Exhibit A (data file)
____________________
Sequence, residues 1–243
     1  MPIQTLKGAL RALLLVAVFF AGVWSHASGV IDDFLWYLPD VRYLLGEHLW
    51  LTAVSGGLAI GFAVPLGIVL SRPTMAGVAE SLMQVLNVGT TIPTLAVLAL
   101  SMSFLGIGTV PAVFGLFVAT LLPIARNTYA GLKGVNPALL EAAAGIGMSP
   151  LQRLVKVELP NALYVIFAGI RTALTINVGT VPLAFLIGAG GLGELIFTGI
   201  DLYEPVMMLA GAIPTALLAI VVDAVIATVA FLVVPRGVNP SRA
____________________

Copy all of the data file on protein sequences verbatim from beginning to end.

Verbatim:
Sequence, residues 1–243
     1  MPIQTLKGAL RALLLVAVFF AGVWSHASGV IDDFLWYLPD VRYLLGEHLW
    51  LTAVSGGLAI GFAVPLGIVL SRPTMAGVAE SLMQVLNVGT TIPTLAVLAL
   101  SMSFLGIGTV PAVFGLFVAT LLPIARNTYA GLKGVNPALL EAAAGIGMSP
   151  LQRLVKVELP NALYVIFAGI RTALTINVGT VPLAFLIGAG GLGELIFTGI
   201  DLYEPVMMLA GAIPTALLAI VVDAVIATVA FLVVPRGVNP SRA